Big Boss, The (Tang Shan da Xiong) (Blu-ray) (1971)
Audio Commentary-Mike Leeder (Hong Kong Film Expert)
TV Spots-Bruce Lee - Animated Biography Showcase
More…-Alternative Title Sequence
Featurette-Return to Pak Chong: The Big Boss Revisited (9:26)
Featurette-Bruce Lee: The Early Years (13:51)
Featurette-Interview with Tung Wai (2:37)
Additional Footage-Rare Scene Extensions (2:22)
Featurette-Bruce Lee vs. Peter Thomas (2:27)
Gallery-Still Gallery (4:30)
|Year Of Production||1971|
|RSDL / Flipper||Dual Layered||Cast & Crew|
|Region Coding||4||Directed By||
Wu Chia Hsiang
Beyond Home Entertainment
Chia Ching Tu
|Pan & Scan/Full Frame||None||
Mandarin Dolby Digital 2.0
Mandarin DTS HD Master Audio 5.1
English Dolby Digital 2.0
English DTS HD Master Audio 5.1
Cantonese Dolby Digital 2.0
English Audio Commentary DTS HD Master Audio 2.0
|Widescreen Aspect Ratio||2.35:1|
|Original Aspect Ratio||2.35:1||Miscellaneous|
|Annoying Product Placement||No|
|Action In or After Credits||No|
Young Chinese man Zheng Chao-an (Bruce Lee) travels to Thailand where he has distant relatives in search of work. He has made a pledge to his mother not to fight and thus stands aside while his cousin Xu Jian (James Tien) takes care of a group of thugs. Xu gets Chao-an a job in the ice factory run by Manager Sun (Chen Chih) and the family and work friends live together looked after by the beautiful Qiao Mei (Maria Yi). However the ice factory is really a front for distributing drugs for the Big Boss (Han Ying-Chieh) and his son (Tony Liu); workers who discover the truth suddenly disappear. When Xu questions the boss about the disappearances he too is killed and Chao-an must renounce his pledge of non-violence to search for the truth and to try to protect his friends.
The Big Boss (Tang Shan da Xiong) by experienced but journeyman writer / director Lo Wei broke box office records in Hong Kong when it was released in 1971 and made a megastar of Bruce Lee. Indeed, without the charisma and screen presence of Lee The Big Boss would be an acceptable, but run of the mill, martial arts action film. Shot in Thailand, in part in a brothel with actual prostitutes, The Big Boss includes female nudity that is unusual in Hong Kong films (Chinese Hong Kong actresses did not do nudity, it was bad for their future marriage prospects), and more bloody action with edged weapons, especially knives, than also is usual in Hong Kong films of the period. The Thai locations do look good but the plot is predictable and much of the action staging is rather stilted until Lee decides to fight around the film’s 40 minute mark. When he does, his movements and speed are stunning, easily showing up the previous action. His fight to the death with Han Ying-Chieh (who is also credited as the film’s fight co-ordinator) at the climax shows the athleticism and genuine martial arts abilities of both men that is still breathtaking after 40 years. Another joy of the film is seeing faces in the cast who later went on to bigger things, such as Lam Ching Ying of Mr. Vampire fame.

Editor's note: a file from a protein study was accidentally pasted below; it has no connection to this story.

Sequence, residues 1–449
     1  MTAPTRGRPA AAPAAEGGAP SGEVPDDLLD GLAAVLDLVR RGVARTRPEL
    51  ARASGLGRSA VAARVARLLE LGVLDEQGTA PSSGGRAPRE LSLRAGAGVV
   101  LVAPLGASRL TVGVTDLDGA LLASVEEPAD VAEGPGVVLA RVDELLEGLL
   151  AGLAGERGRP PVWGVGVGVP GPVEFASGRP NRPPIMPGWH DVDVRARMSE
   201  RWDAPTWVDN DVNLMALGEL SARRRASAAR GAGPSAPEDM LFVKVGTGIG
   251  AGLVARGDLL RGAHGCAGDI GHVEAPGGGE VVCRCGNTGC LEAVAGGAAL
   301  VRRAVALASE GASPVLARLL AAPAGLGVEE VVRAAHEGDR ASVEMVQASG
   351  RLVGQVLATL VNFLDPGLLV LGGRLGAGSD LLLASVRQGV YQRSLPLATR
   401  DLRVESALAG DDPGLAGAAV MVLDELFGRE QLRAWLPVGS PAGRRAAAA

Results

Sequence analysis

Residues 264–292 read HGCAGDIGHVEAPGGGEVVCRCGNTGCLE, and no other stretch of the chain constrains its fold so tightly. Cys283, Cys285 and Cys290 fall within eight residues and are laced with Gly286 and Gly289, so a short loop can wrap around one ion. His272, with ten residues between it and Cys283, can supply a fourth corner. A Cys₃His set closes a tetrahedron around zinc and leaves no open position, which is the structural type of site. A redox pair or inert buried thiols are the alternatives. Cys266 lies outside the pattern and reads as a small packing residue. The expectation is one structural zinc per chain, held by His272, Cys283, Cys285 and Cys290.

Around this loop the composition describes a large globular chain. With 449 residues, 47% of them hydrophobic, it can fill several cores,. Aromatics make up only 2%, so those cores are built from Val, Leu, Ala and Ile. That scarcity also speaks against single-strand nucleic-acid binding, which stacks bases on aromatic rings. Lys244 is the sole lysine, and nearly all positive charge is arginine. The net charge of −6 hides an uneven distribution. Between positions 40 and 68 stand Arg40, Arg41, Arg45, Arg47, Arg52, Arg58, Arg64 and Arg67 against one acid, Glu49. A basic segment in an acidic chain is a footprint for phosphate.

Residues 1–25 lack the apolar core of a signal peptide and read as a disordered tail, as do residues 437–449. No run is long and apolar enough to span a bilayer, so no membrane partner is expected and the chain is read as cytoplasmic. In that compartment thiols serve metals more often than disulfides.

There have been numerous versions of The Big Boss down the years in different regions. A decent summary of the various cuts and missing scenes can be found on the Movie Censorship site here. This Blu-ray runs 100:14 and although it is still missing the saw in the head and the second brothel scene, as well as some scenes which feature in the trailers, it is probably the most complete cut of the film that is likely to be available any time soon, if ever.
The Big Boss is presented in the original 2.35:1 aspect ratio in 1080p, using the MPEG-4 AVC code.
While not perfect by any means this HD release of The Big Boss probably looks as good as it ever has. Detail can be on the soft side, but close-ups of the face and torso of Lee are firm and the colours are bright, indeed almost garish. Blacks and shadow detail are great, contrast and brightness consistent. Light grain is evident, marks are absent. My only real reservation is the frequent blur with motion against railings, planks, trees and almost any striped background.
American English subtitles are available in a clear white font. They are removable and I did not notice any errors.